12. Hot Water Production, A Tunisian geothermal case studyGEOTHERMALWater Hot Water loop From rooms 52° H Water to Rooms Hot Water loop 48° Hot Water to Kitchen From Kitchen TUBE TEMOIN 25° TUBE Sample Exchanger 15° 5000 L 5000 L 5000 L Cold water Exchanger BOILERS
13. Combined heating Systems
14. Steam Production and Utilization : Understanding steamThe diagram below helps to explain the various principles involved in thethermodynamics of steam. It shows the relationship between temperature andenthalpy (energy or heat content) of water as it passes through its phasechange.The reference point for enthalpy of water and steam is 0°C, at which point anenthalpy value of 0 kJ/kg is given to it (but of course water at 0°C has alot ofenergy in it, which is given up as it freezes - its not until 0K, absolute zero, whenit truely has no enthalpy!).As we increase the temperature of water, its enthalpy increases by 4.18 kJ/kg °Cuntil we hit its boiling point (which is a function of its pressure - the boiling pointof water is 100 °C ONLY at 1 atm. pressure). At this point, a large input ofenthalpy causes no temperature change but a phase change, latent heat is addedand steam is produced. Once all the water has vaporized, the temperature againincreases with the addition of heat (sensible heat of the vapour).
15. Steam Production and DistributionSteam is produced in large tube and chest heat exchangers, called water tube boilers ifthe water is in the tubes, surrounded by the flame, or fire tube boilers if the oppositeis true. The pressure inside a boiler is usually high, 300-800 kPa. The steamtemperature is a function of this pressure. The steam, usually saturated or of very highquality, is then distributed to the heat exchanger where it is to be used, and it providesheat by condensing back to water (called condensate) and giving up its latent heat.The temperature desired at the heat exchanger can be adjusted by a pressure reducingvalve, which lowers the pressure to that corresponding to the desired temperature.After the steam condenses in the heat exchanger, it passes through a steam trap(which only allows water to pass through and hence holds the steam in the heatexchanger) and then the condensate (hot water) is returned to the boiler so it can bereused. The following image is a schematic of a steam production and distributioncycle.
16. Steam Production and Utilization
17. CogenerationPrincipals and case studies
18. Cogeneration (also combined heat and power, CHP) is the use of a heatengine or a power station to simultaneously generate both electricity anduseful heat. It is one of the most common forms of energy recycling.Conventional power plants emit the heat created as a by-product of electricitygeneration into the natural environment through cooling towers, flue gas, orby other means. By contrast CHP captures the by-product heat for domestic orindustrial heating purposes, either very close to the plant, or—especially inScandinavia and eastern Europe—as hot water for district heating withtemperatures ranging from approximately 80 to 130 °C. This is also calledCombined Heat and Power District Heating or CHPDH. Small CHP plants arean example of decentralized energy.In the United States, Con Edison distributes 30 billion pounds of 180 °Csteam each year through its seven cogeneration plants to 100,000 buildings inManhattan—the biggest steam district in the world. The peak delivery is 10million pounds per hour (corresponding to approx. 2.5 GW) This steamdistribution system is the reason for the steaming manholes often seen in"gritty" New York movies.
19. Other major cogeneration companies in the U.S. includeRecycled Energy Development and leading advocates include Tom Casten and Amory Lovins.By-product heat at moderate temperatures (100-180°C) can also be used in absorption chillers for cooling. A plant producing electricity, heat and cold is sometimes called trigeneration or more generally: polygeneration plant. Cogeneration is a thermodynamically efficient use of fuel. In separate production of electricity some energy must berejected as waste heat, but in cogeneration this thermal energy is put to good use.
20. 1/ Présentation de la cogénération COMBINED PRODUCTION ELECTRICITY + COGENERATION IS A N IPP HEAT (MAX 20 MWH) COGENERATION GAINS (ENERGY + FINANCE) POLLUTION REDUCTION COGENERATION IN EUROPE >>>>>>>>> PRODUCTION 17 % OF ELECTRICAL ENERGY (2004)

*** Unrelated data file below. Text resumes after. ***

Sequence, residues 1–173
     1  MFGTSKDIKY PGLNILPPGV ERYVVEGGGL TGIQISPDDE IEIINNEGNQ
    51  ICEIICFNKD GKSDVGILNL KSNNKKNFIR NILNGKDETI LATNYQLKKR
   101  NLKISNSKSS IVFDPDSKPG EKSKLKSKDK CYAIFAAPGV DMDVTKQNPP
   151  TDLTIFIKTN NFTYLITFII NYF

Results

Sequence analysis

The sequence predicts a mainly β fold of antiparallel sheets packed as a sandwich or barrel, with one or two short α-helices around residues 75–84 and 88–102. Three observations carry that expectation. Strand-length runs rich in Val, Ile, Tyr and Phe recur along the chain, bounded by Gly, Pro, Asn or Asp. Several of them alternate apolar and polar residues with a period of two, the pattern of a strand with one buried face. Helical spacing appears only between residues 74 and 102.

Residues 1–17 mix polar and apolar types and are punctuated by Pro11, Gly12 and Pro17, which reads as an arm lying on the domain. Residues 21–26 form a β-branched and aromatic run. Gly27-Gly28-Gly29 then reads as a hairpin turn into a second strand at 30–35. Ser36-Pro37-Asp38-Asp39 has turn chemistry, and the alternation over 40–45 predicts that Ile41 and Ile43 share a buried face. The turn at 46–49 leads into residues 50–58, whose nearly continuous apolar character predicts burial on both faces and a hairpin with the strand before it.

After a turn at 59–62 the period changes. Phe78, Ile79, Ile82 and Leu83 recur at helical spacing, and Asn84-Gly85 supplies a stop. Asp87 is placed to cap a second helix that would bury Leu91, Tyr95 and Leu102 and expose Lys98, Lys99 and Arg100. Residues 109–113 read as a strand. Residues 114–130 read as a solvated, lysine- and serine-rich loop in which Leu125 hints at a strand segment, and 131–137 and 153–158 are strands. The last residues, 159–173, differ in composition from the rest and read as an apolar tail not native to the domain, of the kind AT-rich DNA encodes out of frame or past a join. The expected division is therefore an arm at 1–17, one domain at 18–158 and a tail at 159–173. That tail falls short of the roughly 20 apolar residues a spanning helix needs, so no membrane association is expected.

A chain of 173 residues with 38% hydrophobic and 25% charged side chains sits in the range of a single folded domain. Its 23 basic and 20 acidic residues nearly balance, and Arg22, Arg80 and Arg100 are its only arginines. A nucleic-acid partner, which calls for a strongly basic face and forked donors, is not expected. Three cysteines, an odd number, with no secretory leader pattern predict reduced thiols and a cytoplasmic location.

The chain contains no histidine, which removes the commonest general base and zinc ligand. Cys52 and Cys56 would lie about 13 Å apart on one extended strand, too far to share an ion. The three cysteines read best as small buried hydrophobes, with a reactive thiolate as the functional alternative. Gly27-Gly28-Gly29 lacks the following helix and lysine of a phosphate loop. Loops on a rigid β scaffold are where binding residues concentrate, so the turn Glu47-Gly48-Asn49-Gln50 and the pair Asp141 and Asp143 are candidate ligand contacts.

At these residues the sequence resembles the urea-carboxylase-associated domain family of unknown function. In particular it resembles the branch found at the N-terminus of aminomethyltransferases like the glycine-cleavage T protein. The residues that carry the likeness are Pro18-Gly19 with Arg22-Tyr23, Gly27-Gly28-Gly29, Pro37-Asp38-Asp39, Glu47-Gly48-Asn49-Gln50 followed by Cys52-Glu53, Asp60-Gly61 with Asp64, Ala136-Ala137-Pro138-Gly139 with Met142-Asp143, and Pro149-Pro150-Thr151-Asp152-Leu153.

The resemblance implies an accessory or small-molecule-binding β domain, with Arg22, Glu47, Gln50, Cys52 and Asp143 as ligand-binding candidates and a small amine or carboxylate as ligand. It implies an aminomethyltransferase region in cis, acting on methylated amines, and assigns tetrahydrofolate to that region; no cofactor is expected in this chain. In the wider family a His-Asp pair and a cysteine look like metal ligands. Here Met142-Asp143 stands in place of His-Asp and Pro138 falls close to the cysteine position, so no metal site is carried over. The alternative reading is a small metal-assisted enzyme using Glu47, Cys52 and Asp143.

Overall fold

21. 2/ Présentation de la cogénération CRITERIA CHOICE TECHNICALS ECONOMICS ● INVESTISSEMENT EFFECIENCY SECURITY ● COST REDUCTIONRENOVATION
22. INVESTISSEMENT RISK TECHNICAL FINANCALDESIGN GAIN RELATED TO THEWARRANTY REPORTMAINTENANCE QUALITY ELEC/GAS COSTS
23. LA PRODUCTION COMBINEE MECANICAL THERMAL ENERGIE ENERGY PRODUCTION OF A FLUIDMACHINES HEAT TRANSFERAlternators AirCompressors SteamFans HEATED Water
24. Legal framework of the electrical production LAWS AND DECISIONS ON THE COGENERATION• Installation of CHP is assessed based on the following quality criteria:• -Annual overall performance:• RG = (C + E) /Q• -Ratio of recovery:• RR = C/E• -Effective use of thermal energy produced.
25. Cogeneration, case studies Tunisian ceramic industries
26. Annual energy situationELEC turbine Production : 39 684 489 kWh Consumption : Turbine: 25 762 128 kWh From STEG: 481 166 kWh turbine Production is : Consumed in factory: 25 762 128 kWh To STEG: 13 922 361 kWh Electrical Energy consumption 2% Electrical repartition 35% 65% 98% Consommée par la STEG Provenance turbine
27. Gas Turbine Taurus T60 CERAMICS INDUSTRY IN TUNISIA Turbine Compressor Gearbox
28. Exhaust air duct
29. Heat used for production unit
30. Energy efficiency measures and evaluation of Energy savings
31. •Combustion contrôle•Boiler performance and management•Exchange losses contrôle•Distribution losses•Process losses•Facilities performance•Automatic control•Human use
32. Examples : house holders, same actions can be used for others•Insulate Your Existing Water Heater. If your electric water heater was installedbefore 2004, installing an insulating jacket is one of the most effective do-it-yourselfenergy-saving projects, especially if your water heater is in an unheated space. Theinsulating jacket will reduce standby heat loss—heat lost through the walls of thetank—by 25–40%, saving 4–9% on your water heating bills. Water heater insulationjackets are widely available for around $10. Always follow directions carefully wheninstalling an insulation jacket.• Insulate Hot Water Pipes. Insulating your hot water pipes will reduce losses as thehot water is flowing to your faucet and, more importantly, it will reduce standby losseswhen the tap is turned off and then back on within an hour or so. A great deal ofenergy and water is wasted waiting for the hot water to reach the tap. Even whenpipes are insulated, the water in the pipes will eventually cool, but it stays warmermuch longer than it would if the pipes weren’t insulated.• Lower the Water Heater Temperature. Keep your water heater thermostat set atthe lowest temperature that provides you with sufficient hot water. For mosthouseholds, 120°F water is fine (about midway between the “low” and “medium”setting). Each 10°F reduction in water temperature will generally save 3–5% on yourwater heating costs. When you are going away on vacation, you can turn thethermostat down to the lowest possible setting, or turn the water heater off altogetherfor additional savings.